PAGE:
Finals season is nigh, and the prospect of taking your exams is probably making you wish you could go back to 4th grade, when your most difficult assignments were learning to spell the word “turtle” and trying not to eat too much glue (you failed spectacularly at both).
But you can’t go back, and you should be grateful, because puberty’s done a lot for you (it’s also done a lot for Neville Longbottom, but that is neither here nor there). You’re stuck in the present, and there’s no escaping your exams—but fortunately for you, we’ve got some tips that will take the edge off your anxiety. Read on to find out how to conquer your test-taking fears, and please stop eating that glue. It’s bad for you.
Study in a Test-Taking Environment
When you’re reviewing your notes, try to replicate the environment you’ll be taking the test in: a quiet room with minimal distractions and noises (aside from the sound of your own panicked mouth-breathing). If you train yourself to understand the material and answer practice questions in a classroom-like atmosphere, you’ll be more comfortable and less nervous when it comes time to sit down in an actual classroom on the day of the test. But if you “study” while listening to the soundtrack of Hamilton, staring at flashcards for ten minutes and then looking at Saltbae memes for five, you’re probably not going to ace that AP Lang exam —because as sexy as that salt-shaking was, homeboy really doesn’t have anything to do with Pride and Prejudice.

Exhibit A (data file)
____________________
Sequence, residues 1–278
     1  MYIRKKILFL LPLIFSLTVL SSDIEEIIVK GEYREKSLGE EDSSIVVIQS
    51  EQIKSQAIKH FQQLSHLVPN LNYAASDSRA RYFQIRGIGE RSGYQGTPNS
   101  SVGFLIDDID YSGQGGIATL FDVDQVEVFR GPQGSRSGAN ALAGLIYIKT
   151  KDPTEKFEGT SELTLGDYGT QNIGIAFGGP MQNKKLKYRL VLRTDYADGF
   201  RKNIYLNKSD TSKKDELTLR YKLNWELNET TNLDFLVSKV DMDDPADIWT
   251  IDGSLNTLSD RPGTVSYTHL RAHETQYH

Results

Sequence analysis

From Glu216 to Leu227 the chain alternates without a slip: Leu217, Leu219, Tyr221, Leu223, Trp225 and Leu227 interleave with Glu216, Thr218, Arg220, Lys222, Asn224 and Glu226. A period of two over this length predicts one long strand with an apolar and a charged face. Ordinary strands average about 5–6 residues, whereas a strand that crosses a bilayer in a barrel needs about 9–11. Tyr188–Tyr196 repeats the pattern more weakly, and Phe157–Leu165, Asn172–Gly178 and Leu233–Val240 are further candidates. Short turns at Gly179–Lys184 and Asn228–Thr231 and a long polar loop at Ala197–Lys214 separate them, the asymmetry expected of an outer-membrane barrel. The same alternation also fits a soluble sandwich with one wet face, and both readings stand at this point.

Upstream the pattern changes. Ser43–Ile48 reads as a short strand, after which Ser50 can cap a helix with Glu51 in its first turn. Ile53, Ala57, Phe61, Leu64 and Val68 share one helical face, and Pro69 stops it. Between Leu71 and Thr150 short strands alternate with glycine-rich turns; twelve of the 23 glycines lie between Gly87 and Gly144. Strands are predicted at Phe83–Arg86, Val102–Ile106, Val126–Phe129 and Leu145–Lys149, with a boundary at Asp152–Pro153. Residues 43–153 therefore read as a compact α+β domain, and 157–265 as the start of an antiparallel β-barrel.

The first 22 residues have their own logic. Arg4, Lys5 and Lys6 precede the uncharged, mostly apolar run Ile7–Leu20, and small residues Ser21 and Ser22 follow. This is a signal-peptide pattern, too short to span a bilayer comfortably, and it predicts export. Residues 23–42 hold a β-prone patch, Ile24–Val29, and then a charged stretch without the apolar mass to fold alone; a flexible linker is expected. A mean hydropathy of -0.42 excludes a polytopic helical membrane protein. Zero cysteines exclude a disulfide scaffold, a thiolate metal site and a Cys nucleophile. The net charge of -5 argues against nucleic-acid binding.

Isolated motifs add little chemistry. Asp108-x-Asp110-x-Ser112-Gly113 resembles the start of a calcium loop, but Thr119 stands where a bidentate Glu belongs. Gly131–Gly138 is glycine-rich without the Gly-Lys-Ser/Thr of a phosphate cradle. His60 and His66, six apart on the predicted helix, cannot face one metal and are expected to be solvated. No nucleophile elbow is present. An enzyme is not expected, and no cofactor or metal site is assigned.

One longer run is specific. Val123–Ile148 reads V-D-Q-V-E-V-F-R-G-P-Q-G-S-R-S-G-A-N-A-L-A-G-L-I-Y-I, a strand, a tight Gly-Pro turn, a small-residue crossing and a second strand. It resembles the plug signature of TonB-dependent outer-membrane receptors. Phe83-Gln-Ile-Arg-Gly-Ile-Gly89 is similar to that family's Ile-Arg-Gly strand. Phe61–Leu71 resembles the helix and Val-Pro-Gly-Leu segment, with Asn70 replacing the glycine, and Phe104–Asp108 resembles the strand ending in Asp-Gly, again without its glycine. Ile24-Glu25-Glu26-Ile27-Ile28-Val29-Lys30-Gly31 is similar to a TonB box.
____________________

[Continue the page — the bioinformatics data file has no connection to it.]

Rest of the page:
Talk to Your Teacher
It might be hard to remember it when they’re handing out 70-page review packets and robbing you of your will to live, but your teachers became teachers because they want to help you learn. You are literally their calling—so don’t be afraid to reach out to them and ask if they might be able to give you any pointers about your upcoming exam. In most cases, they’ll be happy that you care enough about your education to talk to them, and they’ll be able to help you figure out what areas of the course you should put the most time and energy into studying (for example, maybe you can skim Chapter 7 in your Calc textbook, but you’d better memorize Chapter 8 or die trying). Your teachers are the ones writing—and grading—your exams; if they go into the test thinking that you’ll do well, you probably will.
Don’t Let One Question Set the Tone for the Rest of Your Exam
No matter how prepared you are for a test, there’s always a chance that you’ll come across a question so difficult that your entire body shuts down in fear—the experience is so universal that there are memes about it. But before you have a panic blackout, flip your desk over, and fall to the floor weeping, take a deep breath and remember that one question won’t make or break your test grade, so don’t let yourself get so worked up over it that can’t focus on the rest of the test. Pace yourself, and have some perspective: if you followed tips 1 and 2 above, the questions you’re able to answer will outnumber those you aren’t.